up to ten people (tested with up to 3) and resolved gameplay issues. It
was designed to be as robust as possible so as to allow clients to connect
and disconnect without affecting overall gameplay.
The size of network packets was a critical issue and we tried to minimize
the communication that was required between the players and the server
so as to allow more players to join a given server.
Each of the players would connect to a server to join in the game. The
server mainly forwarded events recieved from each of the players to all
others. It would also store the state of the game so that it may be transferred
to any new player. Periodic updates of the player position could be sent
every display cycle if players moved a lot.
For projectiles the velocity, initial position was sent to all players
once. Each player was then responsible for rendering and interpolating
the position of the projectile. However the player who fired the projectile
was responsible for the resolving the collision detection and removal of
the projectile. He would determine who took damage. This helped resolve
ambiguities due to lag in the network. For weapon/ammo/powerup pick up
the server would resolve who actually gets what and return the events to
The sound system for Pulse supported multi-channel sound, which could be
loaded up from wav files. It allowed as much control as desired over each
audio sample that needed to be played. It allowed priorities to be set
for sound so as to play only the most important sounds in case of an overload.
However the 32 channel sound never gave any problems.
The sound system allowed background music to go on throught the game
uninterupted. It allowed control over the position of a sound, creating
the necesarry stereo effects. Sounds could then be heard in the right direction
Our game is general enough that it can support any Quake3 bsp world. We
ended up using a lot of models we picked up of the web. To deal with the
many formats we converted all of them to openGL display lists using 3D
exploration. We then converted that into out proprietary format which would
allow us to load them in at run time. We could then alter our models without
changing code/re compling. We could also configure models to be composed
of other simple models. Each component could be given an offset, orientation
Easy Check for Features:
3D viewing objects: Being a first person 3d shooter we had this
User Input: We stuck to a mouse/keyboard combo
Lighting and smooth shading: We had materials and smooth shading
for almost all our entities. We used lighting for the infra red mode, we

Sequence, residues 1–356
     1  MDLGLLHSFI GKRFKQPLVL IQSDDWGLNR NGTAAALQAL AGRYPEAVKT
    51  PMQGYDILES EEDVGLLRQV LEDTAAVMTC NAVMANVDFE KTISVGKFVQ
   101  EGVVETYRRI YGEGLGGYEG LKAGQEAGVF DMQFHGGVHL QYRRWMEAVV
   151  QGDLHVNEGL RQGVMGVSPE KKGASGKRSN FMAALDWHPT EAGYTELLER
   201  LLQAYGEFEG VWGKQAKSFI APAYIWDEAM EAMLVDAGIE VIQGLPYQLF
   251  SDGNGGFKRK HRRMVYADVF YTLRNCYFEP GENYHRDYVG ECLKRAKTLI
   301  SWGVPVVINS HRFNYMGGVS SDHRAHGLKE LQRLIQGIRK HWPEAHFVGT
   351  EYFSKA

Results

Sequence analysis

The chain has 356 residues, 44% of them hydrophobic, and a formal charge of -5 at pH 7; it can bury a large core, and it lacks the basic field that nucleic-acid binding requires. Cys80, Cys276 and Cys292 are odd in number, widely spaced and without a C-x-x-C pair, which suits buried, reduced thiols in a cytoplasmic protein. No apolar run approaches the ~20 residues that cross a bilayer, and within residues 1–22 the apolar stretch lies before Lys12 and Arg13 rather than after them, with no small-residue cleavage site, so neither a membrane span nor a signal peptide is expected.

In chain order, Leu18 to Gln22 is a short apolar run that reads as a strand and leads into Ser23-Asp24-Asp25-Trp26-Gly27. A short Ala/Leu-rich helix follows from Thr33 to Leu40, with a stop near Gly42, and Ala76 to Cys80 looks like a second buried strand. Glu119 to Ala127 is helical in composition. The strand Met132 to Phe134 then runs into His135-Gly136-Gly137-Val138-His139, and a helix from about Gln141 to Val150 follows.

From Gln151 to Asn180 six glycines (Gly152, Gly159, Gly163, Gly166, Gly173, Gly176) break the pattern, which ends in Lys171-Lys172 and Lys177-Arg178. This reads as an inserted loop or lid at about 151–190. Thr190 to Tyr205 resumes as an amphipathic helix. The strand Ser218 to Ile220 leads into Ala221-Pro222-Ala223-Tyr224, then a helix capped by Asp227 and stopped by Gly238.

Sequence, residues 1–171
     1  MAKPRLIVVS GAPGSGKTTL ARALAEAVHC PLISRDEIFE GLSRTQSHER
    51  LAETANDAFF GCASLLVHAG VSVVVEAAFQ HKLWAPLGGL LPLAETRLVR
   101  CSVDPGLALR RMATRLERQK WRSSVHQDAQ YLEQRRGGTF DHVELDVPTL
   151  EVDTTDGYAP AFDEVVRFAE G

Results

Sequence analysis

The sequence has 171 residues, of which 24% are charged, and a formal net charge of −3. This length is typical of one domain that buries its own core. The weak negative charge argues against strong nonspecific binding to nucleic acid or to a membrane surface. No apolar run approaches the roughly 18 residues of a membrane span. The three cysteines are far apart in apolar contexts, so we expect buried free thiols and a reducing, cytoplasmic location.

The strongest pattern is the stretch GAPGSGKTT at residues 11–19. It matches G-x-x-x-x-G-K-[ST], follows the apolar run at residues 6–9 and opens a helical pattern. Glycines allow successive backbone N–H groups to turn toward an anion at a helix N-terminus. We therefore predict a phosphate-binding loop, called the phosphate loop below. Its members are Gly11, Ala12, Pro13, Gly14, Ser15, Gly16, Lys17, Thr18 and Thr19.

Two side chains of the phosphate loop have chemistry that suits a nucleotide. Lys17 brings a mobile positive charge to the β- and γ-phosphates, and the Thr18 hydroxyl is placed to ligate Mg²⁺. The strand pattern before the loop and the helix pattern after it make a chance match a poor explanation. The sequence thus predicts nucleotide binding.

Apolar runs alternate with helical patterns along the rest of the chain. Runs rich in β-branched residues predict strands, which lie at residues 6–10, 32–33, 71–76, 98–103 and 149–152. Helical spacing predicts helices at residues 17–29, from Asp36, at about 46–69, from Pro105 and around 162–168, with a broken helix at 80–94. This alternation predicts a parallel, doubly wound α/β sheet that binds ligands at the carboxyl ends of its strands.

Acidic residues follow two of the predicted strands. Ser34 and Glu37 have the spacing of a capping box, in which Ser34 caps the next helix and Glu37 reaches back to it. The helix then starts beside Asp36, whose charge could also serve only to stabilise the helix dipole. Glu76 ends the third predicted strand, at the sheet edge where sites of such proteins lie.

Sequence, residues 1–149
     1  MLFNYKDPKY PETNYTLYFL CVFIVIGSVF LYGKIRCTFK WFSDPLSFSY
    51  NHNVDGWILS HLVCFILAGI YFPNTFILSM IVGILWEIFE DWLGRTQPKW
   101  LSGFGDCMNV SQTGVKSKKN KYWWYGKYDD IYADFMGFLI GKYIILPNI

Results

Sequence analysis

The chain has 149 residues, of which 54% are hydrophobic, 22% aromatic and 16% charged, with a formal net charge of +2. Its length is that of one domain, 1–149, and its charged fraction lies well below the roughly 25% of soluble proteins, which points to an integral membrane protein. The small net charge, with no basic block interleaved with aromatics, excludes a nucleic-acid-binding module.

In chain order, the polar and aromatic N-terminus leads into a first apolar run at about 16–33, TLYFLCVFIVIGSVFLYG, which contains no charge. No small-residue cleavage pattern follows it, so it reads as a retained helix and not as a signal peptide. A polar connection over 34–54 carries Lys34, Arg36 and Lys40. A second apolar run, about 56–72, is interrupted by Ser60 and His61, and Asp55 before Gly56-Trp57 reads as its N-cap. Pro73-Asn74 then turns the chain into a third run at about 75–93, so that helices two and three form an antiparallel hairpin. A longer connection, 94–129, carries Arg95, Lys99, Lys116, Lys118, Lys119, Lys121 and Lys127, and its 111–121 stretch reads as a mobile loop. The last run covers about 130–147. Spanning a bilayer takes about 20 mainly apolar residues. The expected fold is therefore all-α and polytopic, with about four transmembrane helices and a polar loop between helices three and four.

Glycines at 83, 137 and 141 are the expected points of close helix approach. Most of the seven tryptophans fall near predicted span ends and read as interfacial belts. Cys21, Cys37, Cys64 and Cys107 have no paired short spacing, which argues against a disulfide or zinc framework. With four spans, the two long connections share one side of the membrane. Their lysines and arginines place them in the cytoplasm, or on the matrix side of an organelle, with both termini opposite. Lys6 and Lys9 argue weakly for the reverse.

also used "Black light" to simulate darkness. Light maps were used in the
Texture Mapping:Almost all out objects had texture maps. Seveal levels:
Basic texture, Light maps, Time dependant texture mapping, Transparencies
On-screen control panel: We had a nifty alpha blended panel which
had images of our weapons/ammo/powerups and health,ammo displays. The selected
items were higlighted.
View Frustum culling: The list of faces in our map which fell in
our view frustum were generated and displayed.
Portal culling: Visibility information on each portion of the world
was pre computed and stored. This gave us another way of cutting down on
unnecessary rendering. Even with moving objects we could compute that given
its present location could it be seen by the viewer.It would be possible
to judge if there are many things to be rendered at a scene and depending
on that we could crank up/down the quality of rendering(we didnt actually
do this,but we could potentially have done a level of detail based on computing
resources as opposed to distance).
Depth culling: Objects far away from the viewer are clipped.
Procedurally generated modelling: We used generated textures to
give the effect of moving clouds and fluttering banners.
Collision detection: We leveraged off the bsp tree of the world
for collision detection between moving objects and the world.Given the
position of an object we could filter down to the area where collision
needs to be done. We ran a bounding box down the bsp tree to determine
where exactly the collision took place. Further after colliding with the
map a player would be given a reactive push. Thus a player could slide
against a wall, climb stairs, even fall through elevator shafts.
Simulated Dynamics: We had gravity. The combination of collision
detection and gravity allowed a player to stand on the map and not fall
through it. All the models in our game were hierarchihcally structured.For
the player we had a richly modeled movement behaviour. A player when standing
would seem to breathe. A sequence of motions were given when moving. Similarly
while jumping there was another sequence of motions. All the seperate motions
were transitioned smoothly.
Sound: We had mutli channel sound.Movements of players were also
rendered through sound (foot steps). For projectiles we had directional
sound ,which dimnished as the proejctile moved away. We also had background
Networked multi player: Supports up to 10 players connecting to
a single server. - Game Editor: none created but we used a standard quake
bsp format for which editors exist.
- Fmod libraries used for platform independent sound
- OpenGl, glut libraries used for display
- HawkNL libraries used for platform independent networking
- Quake specs used as a reference in reading in maps
- AfterShock code used as a reference for understanding bsp trees
- 3-D Exploration and Maya used to convert and animate models
- coldet v1.1 used as a reference for collision primitives
- Maps,textures from PlanetQuake
- Counter-Strike model imported for players
Windows version: Unzip gamesource.zip Open the games.dsw workspace in the
gamesource directory using MS VC++. Set as active project the server files
project.Build and execute. That starts the server. Preferably on another
system unzip gamesource.zip. Open games.dsw .Set as active project the
gamefiles project. Set the arguments to the ip <address of the server>:<port
- it is 11248>. Build and execute. Clicking "Play" will hook you to the
server and begin the game. Similarly other clients may join in.
We also have a linux version of the game.